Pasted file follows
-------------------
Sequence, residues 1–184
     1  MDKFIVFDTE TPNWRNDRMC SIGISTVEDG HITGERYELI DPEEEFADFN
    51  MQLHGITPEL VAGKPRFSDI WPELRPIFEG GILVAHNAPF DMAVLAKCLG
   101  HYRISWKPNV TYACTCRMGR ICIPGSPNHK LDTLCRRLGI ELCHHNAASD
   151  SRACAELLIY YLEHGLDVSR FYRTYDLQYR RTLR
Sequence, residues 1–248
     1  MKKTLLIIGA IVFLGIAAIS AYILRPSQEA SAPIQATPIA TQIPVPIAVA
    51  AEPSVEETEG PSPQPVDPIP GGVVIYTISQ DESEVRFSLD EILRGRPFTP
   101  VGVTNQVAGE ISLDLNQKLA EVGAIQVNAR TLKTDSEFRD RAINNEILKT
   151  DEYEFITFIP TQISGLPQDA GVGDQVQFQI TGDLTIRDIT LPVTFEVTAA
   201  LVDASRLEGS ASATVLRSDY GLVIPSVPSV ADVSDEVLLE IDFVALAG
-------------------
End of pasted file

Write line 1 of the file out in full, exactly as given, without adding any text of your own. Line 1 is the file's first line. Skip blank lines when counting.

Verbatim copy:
Sequence, residues 1–184